Does it really matter if I say Final Destination 5 is the best film in the series since the original? Although I know a lot of people that would at least agree the first film was an above-average twist on the slasher genre, once the sequels started and all followed the exact same formula, it became a decidedly divisive franchise – if you saw one of the sequels and liked it, you were probably going to like the rest of them, but if you were done with the series after the first film (or didn’t even like that one), then it’s not like any new installment has much of a chance of winning you over.

But, what the hell, I AM one of those who has seen and more-or-less enjoyed all of the films (though the fourth one was a bit rough), and so I AM here to tell you this is easily the most entertaining sequel yet, and it’s actually thanks to a couple new twists in the formula. That’s right, it took them four sequels to do it, but the filmmakers finally realized you can expand on the mythology a little bit and throw in some new ideas to liven things up.

Don’t get me wrong, the basic concept is, of course, still intact. A young man has a vision of a horrific accident that is about to happen – in this case a bridge collapse – and manages to therefore save a group of people before said tragedy occurs, thus incurring the wrath of death itself, which doesn’t like to be cheated. Soon, the survivors are dying one by one in incredibly elaborate and gory ways, in the same order they died in the hero’s vision. In that regard, this movie is EXACTLY like the others.

But there are at least two new wrinkles here, one being a federal agent investigating the group, convinced the hero’s claims of a vision are nonsense and that one of the kids must have had something to do with the bridge disaster and the subsequent deaths. The other new idea is the more substantial and intriguing of the two, though. Tony Todd returns as the same mysterious coroner character he played in the first two films, and this time reveals to the group that if they kill someone, death will take that person in their place and skip over them, thus saving their lives. It’s actually not played with as much as I initially thought it would be when I first heard them mention it in the trailer, but it IS a large part of the film’s third act, and does add a much-welcomed extra level of tension to the climax. If there are any further installments, it’s an idea that deserves to be expanded on.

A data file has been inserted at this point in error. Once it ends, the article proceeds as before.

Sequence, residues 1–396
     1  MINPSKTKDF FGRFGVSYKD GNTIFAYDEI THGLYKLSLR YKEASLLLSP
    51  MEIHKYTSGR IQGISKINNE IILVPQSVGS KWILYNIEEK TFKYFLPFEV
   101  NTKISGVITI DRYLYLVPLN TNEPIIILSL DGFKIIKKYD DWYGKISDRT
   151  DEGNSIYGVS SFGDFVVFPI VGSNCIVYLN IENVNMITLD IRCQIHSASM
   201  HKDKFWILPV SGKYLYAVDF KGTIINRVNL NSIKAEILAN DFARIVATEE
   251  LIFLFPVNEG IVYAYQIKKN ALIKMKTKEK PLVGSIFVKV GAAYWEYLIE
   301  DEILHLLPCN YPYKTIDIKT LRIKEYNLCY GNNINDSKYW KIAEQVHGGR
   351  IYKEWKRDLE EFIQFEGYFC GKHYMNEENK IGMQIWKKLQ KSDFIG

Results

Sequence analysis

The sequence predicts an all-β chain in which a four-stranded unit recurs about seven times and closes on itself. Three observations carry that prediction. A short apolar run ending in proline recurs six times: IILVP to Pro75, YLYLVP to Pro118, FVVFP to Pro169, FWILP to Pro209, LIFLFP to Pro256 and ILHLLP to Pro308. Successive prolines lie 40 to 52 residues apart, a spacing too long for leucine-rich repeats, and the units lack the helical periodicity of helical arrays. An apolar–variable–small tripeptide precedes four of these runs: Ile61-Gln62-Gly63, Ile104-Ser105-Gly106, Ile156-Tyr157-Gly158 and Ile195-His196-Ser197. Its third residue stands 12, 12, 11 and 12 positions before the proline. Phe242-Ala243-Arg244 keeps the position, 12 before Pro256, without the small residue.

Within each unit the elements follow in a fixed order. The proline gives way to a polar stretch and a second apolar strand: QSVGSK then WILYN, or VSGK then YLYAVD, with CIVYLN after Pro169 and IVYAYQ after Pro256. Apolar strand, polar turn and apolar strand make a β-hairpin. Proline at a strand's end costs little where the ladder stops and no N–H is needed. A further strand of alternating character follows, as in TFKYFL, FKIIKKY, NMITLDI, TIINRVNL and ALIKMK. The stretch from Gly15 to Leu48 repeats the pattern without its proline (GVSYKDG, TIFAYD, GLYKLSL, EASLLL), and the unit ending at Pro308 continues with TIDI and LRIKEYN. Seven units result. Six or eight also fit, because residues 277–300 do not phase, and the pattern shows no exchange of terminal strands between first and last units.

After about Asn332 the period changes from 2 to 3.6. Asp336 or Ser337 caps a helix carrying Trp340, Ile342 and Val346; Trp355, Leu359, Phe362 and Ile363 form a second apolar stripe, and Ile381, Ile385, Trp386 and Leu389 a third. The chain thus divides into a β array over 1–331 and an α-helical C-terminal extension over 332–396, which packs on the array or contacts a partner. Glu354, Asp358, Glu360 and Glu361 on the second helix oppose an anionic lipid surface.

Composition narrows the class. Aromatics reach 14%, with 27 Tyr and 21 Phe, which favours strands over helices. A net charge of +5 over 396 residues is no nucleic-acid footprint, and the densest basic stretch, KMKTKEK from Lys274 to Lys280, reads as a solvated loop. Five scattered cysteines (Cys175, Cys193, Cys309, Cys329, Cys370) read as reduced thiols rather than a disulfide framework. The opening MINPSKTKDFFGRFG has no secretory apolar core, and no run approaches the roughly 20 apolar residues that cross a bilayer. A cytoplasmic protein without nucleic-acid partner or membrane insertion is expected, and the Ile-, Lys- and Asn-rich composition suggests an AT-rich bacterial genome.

The other good thing about this installment is the casting, which is especially notable coming off the terrible actors playing nothing characters in the last movie. I actually liked the group in this film – they’re all likable (well, except for the one douche-bag who isn’t supposed to be, but then that’s his role and he’s hilarious in it), and actually feel like real people. Again, that might seem like a minor compliment, but it’s still a nice touch after the last movie, which felt like the makers were so obsessed with the death scenes that they forgot to give us people we actually want to watch for 90 minutes. (Quick note – co-star Miles Fisher parodied Tom Cruise in Superhero Movie, a scene which became a viral hit online, but after seeing this movie I am now convinced this guy was actually cloned from Cruise’s hair or something – it’s frighteningly uncanny.)

As for those death scenes, they’re all pretty awesome here, which is again an improvement over the lazy “let’s just drop stuff on people” mentality of part four. The Final Destination universe continues to be a ridiculous perilous one, where no screws have been fastened in all the way and electrical wires are always placed much too close to water, but still, that’s all part of the fun, and this one in particular is pretty masterful at creating the tension of waiting for what’s coming – one moment, where a gymnast’s bare feet keeps dancing around am upturned screw, pretty much symbolizes the series. And when the deaths finally happen, they’re enjoyably brutal AND over-the-top.

Finally, it must be said that Final Destination 5 has, without a doubt, the best ending of the series yet. It’s a surprise that I’m glad I never had ruined for me, so I won’t spoil it here – suffice to say it will please fans of the series.

So, yes, I’m recommending Final Destination 5, but only to those who already know they enjoy this sort of thing. It’s a great bounce back from the diminishing returns of the last film, and suggests that there might just be some life left in this franchise yet, as long as they’re willing to keep playing with the new ideas introduced in this one. Oh, and yes, I also recommend you DO shell out the extra couple bucks for the 3D version – movies like these are one of the best at taking advantage of the gimmick and playing it for what it’s worth (and director Steven Quale was actually Cameron’s second unit director on Avatar, so he knows how to use the technology). There are a couple really fun gags, and the opening credit sequence in particular is pretty damn awesome in 3D.



This review was originally posted at Trevor Likes Movies on August 17th, 2011.